Tuning files are important for repeat tunings. They store the inharmonicity measurements and your exact adjustment of the tuning curve. Using a tuning file from an earlier tuning saves you from having to measure the inharmonicity and adjust the tuning curve again. Here are some hints on how to organize and backup your tuning files
Dropbox (Android and iOS)
Both Android and iOS versions of TuneLab provide a means to upload and download tuning files to and from the user's Dropbox cloud storage. This provides a convenient method of backing up tuning files as well and transfering tuning files from one device to another. See the specific instructions on using Dropbox in either the TuneLab for Androd or the TuneLab for iPhone/iPad/iPod Touch manuals in the respective Products page.
Tunelab Piano Tuner (for iPhone, iPad, iPod Touch):
Tuning files in the iPhone, iPad, and iPod Touch are stored as documents under the app. They are automatically backed up by iTunes whenever you sync your device. But if you wish to manually copy tuning files into or out from your device, then you can use something Apple calls "file sharing". See this page on the Apple website for information on how to use this feature. Tuning files generated by TuneLab Piano Tuner are compatible with TuneLab Pro and TuneLab Pocket, so you can freely copy and use tuning files between these applications.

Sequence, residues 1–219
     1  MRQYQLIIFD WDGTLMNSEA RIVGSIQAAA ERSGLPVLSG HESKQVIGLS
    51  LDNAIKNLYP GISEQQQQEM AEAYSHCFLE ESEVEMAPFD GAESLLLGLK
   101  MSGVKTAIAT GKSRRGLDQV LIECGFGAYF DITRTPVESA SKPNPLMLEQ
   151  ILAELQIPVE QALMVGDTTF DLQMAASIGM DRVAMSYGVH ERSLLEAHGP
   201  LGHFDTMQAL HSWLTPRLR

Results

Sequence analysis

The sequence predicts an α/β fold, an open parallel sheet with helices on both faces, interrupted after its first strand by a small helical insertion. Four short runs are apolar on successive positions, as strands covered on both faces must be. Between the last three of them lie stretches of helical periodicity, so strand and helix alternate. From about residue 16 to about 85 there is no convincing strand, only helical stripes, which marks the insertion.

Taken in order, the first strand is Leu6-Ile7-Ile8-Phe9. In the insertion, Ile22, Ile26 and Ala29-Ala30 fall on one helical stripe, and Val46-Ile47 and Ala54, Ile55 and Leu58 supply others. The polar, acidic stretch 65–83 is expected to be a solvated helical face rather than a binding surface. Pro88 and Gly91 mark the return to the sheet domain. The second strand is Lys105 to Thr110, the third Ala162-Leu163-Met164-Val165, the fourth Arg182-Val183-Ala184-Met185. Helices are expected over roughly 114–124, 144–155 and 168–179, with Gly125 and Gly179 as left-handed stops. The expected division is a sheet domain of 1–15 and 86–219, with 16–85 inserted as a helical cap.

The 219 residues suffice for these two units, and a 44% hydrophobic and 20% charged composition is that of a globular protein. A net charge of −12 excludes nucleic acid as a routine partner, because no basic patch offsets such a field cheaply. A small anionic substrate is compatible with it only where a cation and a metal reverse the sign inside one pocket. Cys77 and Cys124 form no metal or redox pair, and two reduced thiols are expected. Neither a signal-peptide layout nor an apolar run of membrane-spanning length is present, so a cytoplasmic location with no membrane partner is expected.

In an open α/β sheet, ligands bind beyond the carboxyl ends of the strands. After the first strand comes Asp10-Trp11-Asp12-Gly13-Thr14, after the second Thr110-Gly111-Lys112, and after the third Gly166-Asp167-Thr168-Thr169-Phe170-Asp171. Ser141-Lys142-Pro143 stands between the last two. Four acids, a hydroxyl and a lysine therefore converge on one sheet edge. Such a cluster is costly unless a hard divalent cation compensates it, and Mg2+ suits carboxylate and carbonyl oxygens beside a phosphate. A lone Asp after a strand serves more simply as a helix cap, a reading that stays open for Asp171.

TuneLab Pro (for Windows laptops):
TuneLab Pro offers the option of storing tuning files in the TuneLab folder under the My Documents folder. When you store tuning files, you can store them all in that folder, or you can create sub-folders under TuneLab to form categories, such as Churchs, Homes, and Schools, or Grands and Uprights or whatever categories you like. By using sub-folders you can make it easier to browse through a large number of files. You can create sub-folders when you save a tuning file by clicking on New Folder in the save file Windows dialog.
The subject of backing up documents is covered extensively by others, so I will not dwell on it here, except to say that hard disk crashes do happen. Making a CD or diskette of your TuneLab documents folder every so often is good insurance.